Snorting Fentanyl: A New Trend?

The Deadman’s High

Fentanyl is like an apocalyptic nightmare. If you are a fan of end-of-the-world movies, you know what I mean. Zombies and mass deaths everywhere, beyond anything we can imagine in the real world. Yet, it is happening now, right in front of us. Terrifyingly, fentanyl is being used as a replacement on the streets for heroin. Drug users are shooting up fentanyl and they are snorting fentanyl. Death counts continue to climb.

Not such a new trend after all.

Unfortunately, snorting fentanyl is not new at all. In fact, it is something of a gateway method of use that often leads to intravenous needles. It seems to be a transition between swallowing a pill and sticking a needle into a vein, making the downward spiral into serious drug use seem not as steep.

Crossing the line.

When you are using drugs, you may claim to have lines that you will not cross, no matter what. If you are used to taking pills, you may think you will never progress to buying powders and snorting them into your nose. Yet, you eventually find yourself crossing the line, and then, snorting lines of heroin or fentanyl. When you are getting high, you are not in a good state of mind to say no to trying new and more dangerous activities. Hopefully, snorting fentanyl will not be part of your story.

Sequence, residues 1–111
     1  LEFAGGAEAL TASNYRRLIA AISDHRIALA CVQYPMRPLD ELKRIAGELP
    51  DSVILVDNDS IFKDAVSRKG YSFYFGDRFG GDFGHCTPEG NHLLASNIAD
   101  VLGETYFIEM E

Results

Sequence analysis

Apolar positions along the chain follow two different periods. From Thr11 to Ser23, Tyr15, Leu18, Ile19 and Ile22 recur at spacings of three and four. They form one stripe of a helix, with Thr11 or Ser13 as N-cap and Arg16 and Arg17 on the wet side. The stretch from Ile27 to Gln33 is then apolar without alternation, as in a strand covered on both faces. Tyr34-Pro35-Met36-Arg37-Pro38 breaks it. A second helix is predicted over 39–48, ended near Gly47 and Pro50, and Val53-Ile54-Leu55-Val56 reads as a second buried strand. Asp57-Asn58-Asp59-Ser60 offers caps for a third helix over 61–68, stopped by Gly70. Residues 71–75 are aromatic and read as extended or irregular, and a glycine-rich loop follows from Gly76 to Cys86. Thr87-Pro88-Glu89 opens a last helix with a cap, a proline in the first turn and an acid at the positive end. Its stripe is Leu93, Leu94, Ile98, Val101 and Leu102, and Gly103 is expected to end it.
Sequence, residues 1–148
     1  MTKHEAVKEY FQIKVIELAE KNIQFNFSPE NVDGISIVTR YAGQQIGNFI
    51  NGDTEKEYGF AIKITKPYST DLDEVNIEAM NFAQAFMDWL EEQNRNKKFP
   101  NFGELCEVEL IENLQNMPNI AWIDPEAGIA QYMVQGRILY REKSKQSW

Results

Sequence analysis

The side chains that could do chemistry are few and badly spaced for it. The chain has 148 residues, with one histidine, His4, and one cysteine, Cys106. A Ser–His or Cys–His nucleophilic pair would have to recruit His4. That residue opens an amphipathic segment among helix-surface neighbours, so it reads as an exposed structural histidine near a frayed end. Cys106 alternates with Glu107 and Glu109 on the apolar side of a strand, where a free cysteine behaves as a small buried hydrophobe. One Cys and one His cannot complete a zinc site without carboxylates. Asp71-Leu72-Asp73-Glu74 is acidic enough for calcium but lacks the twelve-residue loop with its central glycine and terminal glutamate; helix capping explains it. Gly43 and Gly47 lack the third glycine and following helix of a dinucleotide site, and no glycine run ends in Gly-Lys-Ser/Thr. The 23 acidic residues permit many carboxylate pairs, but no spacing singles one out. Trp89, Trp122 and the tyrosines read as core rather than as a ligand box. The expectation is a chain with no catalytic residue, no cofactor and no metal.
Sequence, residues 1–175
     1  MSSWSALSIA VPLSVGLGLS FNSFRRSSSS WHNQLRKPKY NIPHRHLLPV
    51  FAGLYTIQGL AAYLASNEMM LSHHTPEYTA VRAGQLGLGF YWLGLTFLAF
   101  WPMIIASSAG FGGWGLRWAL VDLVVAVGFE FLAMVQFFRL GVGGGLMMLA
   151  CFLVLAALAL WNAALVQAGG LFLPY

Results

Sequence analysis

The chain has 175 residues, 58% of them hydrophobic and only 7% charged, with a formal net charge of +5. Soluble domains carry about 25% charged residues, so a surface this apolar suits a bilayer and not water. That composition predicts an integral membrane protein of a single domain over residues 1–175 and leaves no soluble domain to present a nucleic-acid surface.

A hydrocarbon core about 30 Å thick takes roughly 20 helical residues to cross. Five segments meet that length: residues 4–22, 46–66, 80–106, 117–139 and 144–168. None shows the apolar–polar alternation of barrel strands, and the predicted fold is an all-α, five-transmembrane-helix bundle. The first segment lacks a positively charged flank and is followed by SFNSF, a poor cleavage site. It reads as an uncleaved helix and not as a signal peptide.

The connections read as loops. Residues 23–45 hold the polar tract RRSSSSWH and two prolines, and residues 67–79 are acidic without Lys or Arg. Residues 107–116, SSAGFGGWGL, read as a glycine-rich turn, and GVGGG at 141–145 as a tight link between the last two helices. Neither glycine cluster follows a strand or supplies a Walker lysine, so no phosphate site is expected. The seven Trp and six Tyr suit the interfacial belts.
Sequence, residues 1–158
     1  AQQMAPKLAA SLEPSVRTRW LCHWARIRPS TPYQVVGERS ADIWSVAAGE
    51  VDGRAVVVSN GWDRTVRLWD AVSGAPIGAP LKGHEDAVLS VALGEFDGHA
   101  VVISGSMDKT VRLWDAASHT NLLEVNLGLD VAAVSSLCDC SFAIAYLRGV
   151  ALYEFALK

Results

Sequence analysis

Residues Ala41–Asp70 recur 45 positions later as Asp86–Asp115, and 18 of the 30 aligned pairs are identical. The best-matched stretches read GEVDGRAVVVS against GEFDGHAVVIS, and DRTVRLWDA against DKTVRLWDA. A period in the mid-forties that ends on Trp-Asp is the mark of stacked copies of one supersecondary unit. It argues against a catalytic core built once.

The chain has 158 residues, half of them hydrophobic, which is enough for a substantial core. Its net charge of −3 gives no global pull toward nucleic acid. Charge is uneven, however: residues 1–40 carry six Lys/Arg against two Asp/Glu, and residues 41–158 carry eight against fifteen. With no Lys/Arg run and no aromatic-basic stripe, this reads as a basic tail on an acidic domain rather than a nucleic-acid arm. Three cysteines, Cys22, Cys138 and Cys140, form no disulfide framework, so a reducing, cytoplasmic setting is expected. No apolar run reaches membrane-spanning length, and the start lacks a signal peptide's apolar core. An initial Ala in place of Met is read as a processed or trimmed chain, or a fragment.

So, what makes snorting fentanyl so bad?

Besides damaging your nasal passages and sinuses, you are putting yourself at risk for serious side effects, such as death from not breathing. Fentanyl is super powerful, nearly 100 times as potent as morphine. In fact, it is measured in micrograms. While most opioids can kill be slowing down breathing, fentanyl is far more dangerous.

Should fentanyl be illegal?

Using fentanyl to get high is already illegal. Not to mention that fentanyl made in illicit labs is very illegal. Yet, what if the government made all fentanyl illegal? Interestingly, fentanyl happens to be very effective in preventing pain during surgery. Hence, it is used in many surgical operations each and every day. So, it is unlikely that fentanyl is going away.

In conclusion, fentanyl is a dangerous drug that has important uses in the medical field, but it must be kept off the streets because of it’s high potency and deadly risks.


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